AT&T Inc. has reached an agreement to buy Time Warner Inc. for $85.4 billion in a deal that would transform the phone company into a media giant. The wireless carrier agreed to pay $107.50 a share, evenly split between cash and stock. The companies said they expect the deal to close by the end of 2017.
AT&T Chief Executive Randall Stephenson would head the new company, as the surviving entity. The companies said Time Warner Chief Executive Jeff Bewkes would stay for an interim period following the close of the deal to help with the transition. The combined business would pair the carrier’s millions of wireless and pay-television subscribers with Time Warner’s deep media lineup, which includes networks such as CNN, TNT, the prized HBO channel and Warner Bros. film and TV studio. It furthers AT&T’s bet that television and video can drive growth into a stalled wireless market.
“Premium content always wins. It has been true on the big screen, the TV screen and now it’s proving true on the mobile screen,” Mr. Stephenson, 56 years old, said in the press release.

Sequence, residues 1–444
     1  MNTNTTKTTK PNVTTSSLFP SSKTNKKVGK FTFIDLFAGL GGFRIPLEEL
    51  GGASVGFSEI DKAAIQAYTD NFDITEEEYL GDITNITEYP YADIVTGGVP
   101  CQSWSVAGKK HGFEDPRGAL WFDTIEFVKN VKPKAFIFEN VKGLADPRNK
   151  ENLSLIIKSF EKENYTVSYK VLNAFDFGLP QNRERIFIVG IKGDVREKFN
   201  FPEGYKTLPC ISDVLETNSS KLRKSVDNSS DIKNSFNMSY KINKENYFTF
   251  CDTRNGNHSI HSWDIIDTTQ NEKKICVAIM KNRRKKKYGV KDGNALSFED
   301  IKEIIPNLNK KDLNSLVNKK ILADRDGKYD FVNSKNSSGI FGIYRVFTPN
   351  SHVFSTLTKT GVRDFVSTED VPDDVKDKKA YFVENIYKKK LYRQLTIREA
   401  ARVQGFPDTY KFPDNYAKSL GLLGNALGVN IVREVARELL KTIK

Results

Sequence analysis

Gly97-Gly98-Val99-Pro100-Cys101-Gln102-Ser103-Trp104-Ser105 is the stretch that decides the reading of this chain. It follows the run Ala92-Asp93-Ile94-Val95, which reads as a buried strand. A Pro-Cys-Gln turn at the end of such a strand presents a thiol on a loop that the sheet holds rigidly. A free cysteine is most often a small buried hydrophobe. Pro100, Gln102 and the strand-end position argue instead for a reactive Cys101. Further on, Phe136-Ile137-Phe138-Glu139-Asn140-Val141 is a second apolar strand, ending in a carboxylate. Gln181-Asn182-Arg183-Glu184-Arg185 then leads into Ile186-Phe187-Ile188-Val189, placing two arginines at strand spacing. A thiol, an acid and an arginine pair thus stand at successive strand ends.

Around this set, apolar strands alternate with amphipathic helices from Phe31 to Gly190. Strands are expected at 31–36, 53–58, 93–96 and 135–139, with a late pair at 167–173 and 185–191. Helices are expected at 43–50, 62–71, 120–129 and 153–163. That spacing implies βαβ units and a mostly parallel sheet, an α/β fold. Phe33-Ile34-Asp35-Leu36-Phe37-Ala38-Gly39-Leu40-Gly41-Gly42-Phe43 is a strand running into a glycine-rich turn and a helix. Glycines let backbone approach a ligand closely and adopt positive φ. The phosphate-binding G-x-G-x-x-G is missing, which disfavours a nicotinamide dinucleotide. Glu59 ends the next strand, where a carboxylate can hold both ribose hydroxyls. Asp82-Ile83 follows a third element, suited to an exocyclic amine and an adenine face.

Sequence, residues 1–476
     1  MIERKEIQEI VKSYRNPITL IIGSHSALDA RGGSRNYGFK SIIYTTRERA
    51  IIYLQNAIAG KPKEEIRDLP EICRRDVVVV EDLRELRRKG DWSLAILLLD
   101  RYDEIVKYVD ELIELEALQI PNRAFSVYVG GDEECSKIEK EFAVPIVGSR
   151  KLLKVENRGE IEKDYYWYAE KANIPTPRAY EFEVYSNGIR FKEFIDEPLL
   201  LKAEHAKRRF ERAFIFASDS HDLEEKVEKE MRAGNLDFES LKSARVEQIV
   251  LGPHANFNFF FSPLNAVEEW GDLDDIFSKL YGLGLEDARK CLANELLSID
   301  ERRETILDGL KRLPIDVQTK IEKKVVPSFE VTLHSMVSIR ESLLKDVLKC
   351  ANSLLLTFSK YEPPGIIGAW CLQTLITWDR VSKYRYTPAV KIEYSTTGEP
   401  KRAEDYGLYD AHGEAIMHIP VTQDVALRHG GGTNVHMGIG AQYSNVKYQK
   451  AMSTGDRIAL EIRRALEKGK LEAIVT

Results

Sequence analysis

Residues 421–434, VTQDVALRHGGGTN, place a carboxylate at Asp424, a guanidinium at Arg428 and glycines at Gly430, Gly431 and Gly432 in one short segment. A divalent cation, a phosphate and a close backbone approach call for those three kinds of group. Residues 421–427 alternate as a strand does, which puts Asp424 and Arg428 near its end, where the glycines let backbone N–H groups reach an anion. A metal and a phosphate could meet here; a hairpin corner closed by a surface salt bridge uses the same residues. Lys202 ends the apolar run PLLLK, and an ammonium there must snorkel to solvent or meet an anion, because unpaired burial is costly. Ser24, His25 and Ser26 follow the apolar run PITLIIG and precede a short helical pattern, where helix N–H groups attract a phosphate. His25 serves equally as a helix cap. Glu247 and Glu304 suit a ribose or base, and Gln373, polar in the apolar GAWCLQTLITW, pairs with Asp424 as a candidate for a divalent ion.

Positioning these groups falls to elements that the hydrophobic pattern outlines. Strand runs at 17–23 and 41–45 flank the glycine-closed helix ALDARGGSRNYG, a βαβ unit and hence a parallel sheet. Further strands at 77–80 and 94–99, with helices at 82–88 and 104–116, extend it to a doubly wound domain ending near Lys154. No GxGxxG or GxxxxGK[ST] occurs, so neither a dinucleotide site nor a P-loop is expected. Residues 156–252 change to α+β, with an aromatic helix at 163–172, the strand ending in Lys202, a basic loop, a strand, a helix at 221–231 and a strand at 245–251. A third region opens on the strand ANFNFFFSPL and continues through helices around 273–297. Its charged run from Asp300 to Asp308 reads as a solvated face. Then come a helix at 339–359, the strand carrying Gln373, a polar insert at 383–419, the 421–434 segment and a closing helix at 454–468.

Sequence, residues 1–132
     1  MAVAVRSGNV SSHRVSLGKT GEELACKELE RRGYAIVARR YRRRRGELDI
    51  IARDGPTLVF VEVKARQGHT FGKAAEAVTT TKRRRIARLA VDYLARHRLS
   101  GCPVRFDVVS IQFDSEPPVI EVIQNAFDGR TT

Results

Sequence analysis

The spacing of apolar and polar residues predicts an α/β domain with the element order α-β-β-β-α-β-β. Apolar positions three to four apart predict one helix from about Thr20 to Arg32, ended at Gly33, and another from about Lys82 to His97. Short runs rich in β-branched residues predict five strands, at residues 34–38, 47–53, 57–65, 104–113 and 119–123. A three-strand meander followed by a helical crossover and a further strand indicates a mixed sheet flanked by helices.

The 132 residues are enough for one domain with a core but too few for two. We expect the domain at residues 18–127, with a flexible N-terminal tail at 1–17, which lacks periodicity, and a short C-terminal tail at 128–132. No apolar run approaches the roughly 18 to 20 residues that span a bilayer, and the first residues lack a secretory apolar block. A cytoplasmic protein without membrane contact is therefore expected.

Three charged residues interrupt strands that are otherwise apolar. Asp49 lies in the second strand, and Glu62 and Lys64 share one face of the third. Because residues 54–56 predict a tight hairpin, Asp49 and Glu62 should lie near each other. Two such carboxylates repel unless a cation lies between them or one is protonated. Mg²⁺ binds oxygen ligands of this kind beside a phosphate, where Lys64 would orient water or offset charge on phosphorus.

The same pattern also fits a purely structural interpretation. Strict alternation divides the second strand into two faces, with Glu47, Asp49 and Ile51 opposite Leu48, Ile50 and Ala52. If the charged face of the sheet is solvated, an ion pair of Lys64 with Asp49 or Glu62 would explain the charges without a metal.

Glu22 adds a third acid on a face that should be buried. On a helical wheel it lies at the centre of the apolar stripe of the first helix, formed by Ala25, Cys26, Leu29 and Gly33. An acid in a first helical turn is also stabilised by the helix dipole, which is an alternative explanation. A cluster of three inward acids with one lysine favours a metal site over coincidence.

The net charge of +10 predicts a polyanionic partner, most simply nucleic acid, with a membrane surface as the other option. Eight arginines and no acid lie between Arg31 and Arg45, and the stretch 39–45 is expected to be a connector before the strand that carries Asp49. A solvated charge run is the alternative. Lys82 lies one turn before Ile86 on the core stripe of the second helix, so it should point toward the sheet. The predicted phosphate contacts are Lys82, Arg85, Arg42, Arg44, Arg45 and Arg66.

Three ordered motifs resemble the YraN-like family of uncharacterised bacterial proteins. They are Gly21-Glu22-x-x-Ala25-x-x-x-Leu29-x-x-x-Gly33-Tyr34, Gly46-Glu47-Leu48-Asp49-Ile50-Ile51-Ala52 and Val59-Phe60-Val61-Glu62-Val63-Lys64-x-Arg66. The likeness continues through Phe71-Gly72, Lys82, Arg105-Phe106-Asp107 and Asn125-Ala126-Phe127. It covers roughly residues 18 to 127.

The companies said they aim to be the first U.S. wireless company to compete nationwide with cable companies by providing an online-video bundle akin to a traditional pay-television package. “It will disrupt the traditional entertainment model and push the boundaries on mobile content availability for the benefit of customers,” the companies said. Naturally, such rosy words are needed in order to try to get approval by the relevant authorities. As a little history lesson, AT&T was sued for monopoly by the U.S. Justice department, and successfully broken in multiple entities which were named Baby Bells. In the 2000s, AT&T went on a purchasing spree to regain much of the old Baby Bells – Cingular mobile network, attempted to acquire T-Mobile and now acquiring Time Warner – if the deal is allowed to go through.
For Time Warner, the deal represents a victory for Mr. Bewkes, 64, who took some heat from investors for rebuffing a takeover bid two years ago from 21st Century Fox at $85 a share. Already this year, Charter Communications absorbed Time Warner Cable (which was separate business entity from Time Warner), NBC Universal bought Jeffrey Katzenberg’s DreamWorks Animation for $3.8 billion, and movie studio Lionsgate is in the process of buying the Starz! premium movie channel in a deal worth $4.4 billion.